A good crop at the Worcester County Jail

bildeWorcester Telegram & Gazette
By Lee Hammel

WEST BOYLSTON — Here’s the dirt on the Worcester County Jail and House of Correction: The inmates are growing more of their food than ever before.

From practically zero, Sheriff Lewis G. Evangelidis has expanded the farm operation at the jail to 10 acres this year, with plans for 12 acres next year. All that corn, zucchini and squash is putting smiles on a lot of faces, and also sweat on some of them.

The harvest gives a nice break to inmates who would be eating frozen vegetables otherwise, notes Chief Deputy Sheriff David H. Tuttle. And the $15,000 — at least — in food-cost avoidance is taxpayer- and budget-manager friendly, said Assistant Deputy Jail Superintendent Michael A. Temple.

Plus patrons of local food pantries are getting locally-grown and transported vegetables at a time when drought conditions across the country threaten to dent family wallets.

But the greatest impact of the program is on the dozen or so work release-eligible inmates who travel from the jail to the farm site adjacent to the jail grounds.

It’s a tremendous opportunity for inmates who can’t find a paying work release job in a difficult economy and who are not thrilled with painting town halls as part of the sheriff’s community service program.

Michael Lucier could have been looking at a complete waste of 3-1/2 years of his life after being sentenced following his fourth driving under the influence conviction. But, with assignment to the farm harvest beginning last month, the 38-year-old Royalston resident said he finds meaning “knowing that the harvest is going to go to something good, rather than nothing. It’s getting used.”

“I actually saw it in our dinner last weekend. It’s kind of cool,” he said.

And after he was told some of the food is being donated to charities, Mr. Lucier said he gets “the satisfaction of knowing that stuff that got planted is helping other people who… are less fortunate.”

Bazile Ledgister, a 36-year-old inmate from Boston, whose dreadlocks were wrapped in a knotted T-shirt as he cut weeds, said he loves the farm work. Mr. Ledgister, who is serving 3-1/2 years on credit card and larceny charges, said the program instills a sense of pride and appreciation for hard work.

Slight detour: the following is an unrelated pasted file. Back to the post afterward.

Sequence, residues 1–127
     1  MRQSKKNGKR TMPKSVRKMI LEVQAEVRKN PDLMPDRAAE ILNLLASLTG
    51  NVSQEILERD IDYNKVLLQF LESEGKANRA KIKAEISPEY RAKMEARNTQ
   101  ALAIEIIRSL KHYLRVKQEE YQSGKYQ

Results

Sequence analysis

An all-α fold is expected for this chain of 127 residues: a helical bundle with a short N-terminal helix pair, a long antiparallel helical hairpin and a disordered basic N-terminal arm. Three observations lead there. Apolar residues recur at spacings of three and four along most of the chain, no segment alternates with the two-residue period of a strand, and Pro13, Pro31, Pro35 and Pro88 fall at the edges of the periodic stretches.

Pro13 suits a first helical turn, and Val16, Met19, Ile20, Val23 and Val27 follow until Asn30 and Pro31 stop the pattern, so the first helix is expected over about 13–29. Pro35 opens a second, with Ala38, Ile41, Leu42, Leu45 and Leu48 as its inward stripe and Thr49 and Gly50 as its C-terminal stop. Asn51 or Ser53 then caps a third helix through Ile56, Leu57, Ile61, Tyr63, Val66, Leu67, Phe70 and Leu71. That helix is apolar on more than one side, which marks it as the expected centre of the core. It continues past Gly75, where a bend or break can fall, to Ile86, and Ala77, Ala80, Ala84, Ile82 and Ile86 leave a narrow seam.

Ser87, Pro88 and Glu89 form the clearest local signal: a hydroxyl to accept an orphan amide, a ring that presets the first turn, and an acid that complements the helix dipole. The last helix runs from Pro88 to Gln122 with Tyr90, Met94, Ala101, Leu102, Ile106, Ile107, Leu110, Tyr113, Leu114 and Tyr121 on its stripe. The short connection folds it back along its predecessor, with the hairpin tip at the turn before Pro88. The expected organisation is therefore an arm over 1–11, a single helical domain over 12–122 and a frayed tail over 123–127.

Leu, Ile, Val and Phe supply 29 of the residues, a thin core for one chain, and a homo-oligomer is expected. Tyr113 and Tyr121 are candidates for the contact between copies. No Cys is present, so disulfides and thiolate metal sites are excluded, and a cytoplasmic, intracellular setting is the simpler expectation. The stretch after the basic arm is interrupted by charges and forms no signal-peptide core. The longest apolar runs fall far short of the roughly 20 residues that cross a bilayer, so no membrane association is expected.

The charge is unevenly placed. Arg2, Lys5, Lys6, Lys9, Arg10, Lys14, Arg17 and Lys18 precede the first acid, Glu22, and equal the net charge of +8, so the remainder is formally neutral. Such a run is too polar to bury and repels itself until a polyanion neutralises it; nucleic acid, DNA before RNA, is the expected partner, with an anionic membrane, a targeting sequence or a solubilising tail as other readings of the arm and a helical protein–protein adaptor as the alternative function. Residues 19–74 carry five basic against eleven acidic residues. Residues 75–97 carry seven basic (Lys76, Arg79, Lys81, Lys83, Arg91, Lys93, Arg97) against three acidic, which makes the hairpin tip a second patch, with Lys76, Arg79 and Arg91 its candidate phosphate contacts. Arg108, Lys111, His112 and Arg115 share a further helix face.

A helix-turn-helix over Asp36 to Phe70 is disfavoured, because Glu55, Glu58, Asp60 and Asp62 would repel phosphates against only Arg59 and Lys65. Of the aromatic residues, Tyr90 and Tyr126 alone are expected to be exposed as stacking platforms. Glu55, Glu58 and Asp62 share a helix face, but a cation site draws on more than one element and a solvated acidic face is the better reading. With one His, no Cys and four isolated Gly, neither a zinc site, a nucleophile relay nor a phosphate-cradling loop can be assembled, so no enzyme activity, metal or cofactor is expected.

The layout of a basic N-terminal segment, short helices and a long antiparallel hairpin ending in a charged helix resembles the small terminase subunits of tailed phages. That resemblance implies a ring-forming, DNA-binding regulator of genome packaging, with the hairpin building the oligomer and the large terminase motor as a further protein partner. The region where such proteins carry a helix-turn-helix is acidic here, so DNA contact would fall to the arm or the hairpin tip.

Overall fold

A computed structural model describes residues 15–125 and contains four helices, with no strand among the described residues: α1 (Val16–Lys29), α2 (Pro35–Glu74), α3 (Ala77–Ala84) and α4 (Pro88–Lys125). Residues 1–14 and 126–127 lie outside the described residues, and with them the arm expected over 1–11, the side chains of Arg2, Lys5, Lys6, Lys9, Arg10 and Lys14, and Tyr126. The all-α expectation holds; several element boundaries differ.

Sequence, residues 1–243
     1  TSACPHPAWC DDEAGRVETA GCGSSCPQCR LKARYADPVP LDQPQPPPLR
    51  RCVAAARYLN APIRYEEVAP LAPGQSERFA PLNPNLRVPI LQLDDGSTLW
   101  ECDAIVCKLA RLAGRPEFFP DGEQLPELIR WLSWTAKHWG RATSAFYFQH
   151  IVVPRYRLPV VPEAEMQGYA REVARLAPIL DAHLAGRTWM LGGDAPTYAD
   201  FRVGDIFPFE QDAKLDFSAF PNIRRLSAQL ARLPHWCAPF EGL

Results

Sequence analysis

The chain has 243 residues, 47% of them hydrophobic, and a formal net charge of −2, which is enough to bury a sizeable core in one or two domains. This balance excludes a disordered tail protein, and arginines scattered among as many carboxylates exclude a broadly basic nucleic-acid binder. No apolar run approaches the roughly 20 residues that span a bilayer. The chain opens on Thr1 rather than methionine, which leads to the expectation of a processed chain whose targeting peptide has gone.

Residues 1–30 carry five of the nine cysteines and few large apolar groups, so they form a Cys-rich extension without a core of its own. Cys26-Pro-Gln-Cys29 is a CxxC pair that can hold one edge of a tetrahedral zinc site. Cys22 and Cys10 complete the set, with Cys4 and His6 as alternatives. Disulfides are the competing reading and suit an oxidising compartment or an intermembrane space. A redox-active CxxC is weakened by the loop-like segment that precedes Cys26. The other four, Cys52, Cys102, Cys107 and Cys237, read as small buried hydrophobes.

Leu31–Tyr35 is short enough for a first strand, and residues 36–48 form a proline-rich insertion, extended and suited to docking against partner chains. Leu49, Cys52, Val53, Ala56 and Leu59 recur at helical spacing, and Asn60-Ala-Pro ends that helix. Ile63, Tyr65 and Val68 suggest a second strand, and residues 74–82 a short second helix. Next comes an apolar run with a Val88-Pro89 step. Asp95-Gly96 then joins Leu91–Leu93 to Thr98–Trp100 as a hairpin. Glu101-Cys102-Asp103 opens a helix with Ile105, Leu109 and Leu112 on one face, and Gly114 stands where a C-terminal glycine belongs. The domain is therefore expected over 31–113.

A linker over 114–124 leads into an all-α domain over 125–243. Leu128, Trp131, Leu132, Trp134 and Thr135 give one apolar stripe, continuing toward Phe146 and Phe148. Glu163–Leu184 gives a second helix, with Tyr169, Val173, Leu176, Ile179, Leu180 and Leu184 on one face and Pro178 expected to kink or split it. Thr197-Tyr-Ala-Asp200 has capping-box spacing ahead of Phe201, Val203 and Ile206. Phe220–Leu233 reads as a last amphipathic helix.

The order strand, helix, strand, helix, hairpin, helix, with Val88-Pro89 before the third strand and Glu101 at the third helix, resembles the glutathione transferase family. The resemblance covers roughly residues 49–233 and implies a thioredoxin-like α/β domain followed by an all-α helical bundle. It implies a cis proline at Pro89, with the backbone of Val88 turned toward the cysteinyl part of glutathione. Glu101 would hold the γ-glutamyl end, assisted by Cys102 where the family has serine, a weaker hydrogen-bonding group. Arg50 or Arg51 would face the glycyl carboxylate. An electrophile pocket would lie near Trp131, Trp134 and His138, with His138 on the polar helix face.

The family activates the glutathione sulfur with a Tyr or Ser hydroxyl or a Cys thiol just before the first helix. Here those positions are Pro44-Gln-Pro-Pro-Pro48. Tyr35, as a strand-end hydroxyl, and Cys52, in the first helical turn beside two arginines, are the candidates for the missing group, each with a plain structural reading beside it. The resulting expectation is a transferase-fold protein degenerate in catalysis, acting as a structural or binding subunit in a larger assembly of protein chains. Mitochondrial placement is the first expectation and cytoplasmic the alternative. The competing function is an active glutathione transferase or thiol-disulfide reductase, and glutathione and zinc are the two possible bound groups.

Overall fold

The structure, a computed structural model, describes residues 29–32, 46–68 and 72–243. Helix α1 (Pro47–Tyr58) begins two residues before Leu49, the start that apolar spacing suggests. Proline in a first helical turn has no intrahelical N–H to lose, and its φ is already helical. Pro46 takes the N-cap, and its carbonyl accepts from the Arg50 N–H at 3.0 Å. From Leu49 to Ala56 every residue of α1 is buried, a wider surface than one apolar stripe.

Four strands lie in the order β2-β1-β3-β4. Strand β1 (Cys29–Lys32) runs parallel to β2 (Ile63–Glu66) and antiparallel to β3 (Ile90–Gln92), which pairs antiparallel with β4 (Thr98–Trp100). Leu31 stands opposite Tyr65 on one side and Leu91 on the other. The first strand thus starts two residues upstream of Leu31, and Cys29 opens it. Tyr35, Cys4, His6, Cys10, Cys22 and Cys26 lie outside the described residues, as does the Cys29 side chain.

“This is better than sitting down and being lazy,” he said. Mr. Ledgister, who was on the New England Patriots practice squad 11 years ago, said exercise is important to him.

Planting, weeding and picking the crops “gives a sense of giving back to society. The sheriff says he’s donating some of this. And that’s a big thing for me,” he said.

In addition to working for a railroad — maintenance or laying track — when he gets out of jail, Mr. Ledgister said, he’d like to start a nonprofit organization working with jails to distribute food.

The Worcester County Food Bank in Shrewsbury was thrilled to receive the first two of the jail’s vegetable deliveries, which totaled 375 pounds, according to Executive Director Jean G. McMurray. “We love to receive donations of locally grown fresh vegetables, she said. “Those get distributed right away to our network of pantries.”

“I think it’s wonderful that they’re thinking about how they can help other people.” The jail is among about a dozen area farmers who work with the food bank, which distributed 5.3 million pounds of food in the year ended June 30, Ms. McMurray said.

“We need to make sure that food is coming in all the time, whether it’s one pound or 1,000 pounds,” she said.

Sheriff Evangelidis credited the state Department of Agriculture for providing guidance on the crops this year. The department approved the plans for use of the fields, which are designated for agricultural use.

Mr. Evangelidis inherited a 1.5-acre vegetable plot that inmates tended and, he said, a multi-million dollar operating deficit from his predecessor.

Former Sheriff Guy W. Glodis said maintaining horses, cattle and hens was an expense he could not afford on the tight budget. But he commended Mr. Evangelidis if he is giving inmates the responsibility and satisfaction of working 10 acres of crops.

Assistant Deputy Temple said this year’s operation will produce, based on conservative estimates, between 6,200 and 7,000 ears of corn and 9,000 pounds of zucchini and acorn, butternut and yellow squash for inmate consumption. That would be the vegetable portion of 180 meals for 1,250 inmates, or 225,000 portions.

The farm will produce another 1,500 pounds of vegetables and 1,000 ears of corn for charitable use, he said.

It comes from a pretty exclusive labor force. Jail Sgt. David Kalagher said, “I know there are some people in that (work release) building that wouldn’t want to do this work. This is hard physical work. You’re out in the sun.” He looks for inmates in their 30s or older “because the young kids, they don’t want to be out here.”

Assistant Deputy Temple said, “This is one of those things, if you don’t have a work ethic, this is going to be miserable. You need to have a good work ethic already built into you to work out here and be successful.”

Besides the satisfaction, Mr. Lucier said, the farm program is among the programs that count for “good time.” That helps inmates take 10 days per month off their jail sentences, recently upped by state law from 7-1/2 days, he said

“We save money and at the same time the inmates are getting a sense of self-worth and dignity from being out here putting in the work,” Sheriff Evangelidis said. “It’s a tremendous part of the program.”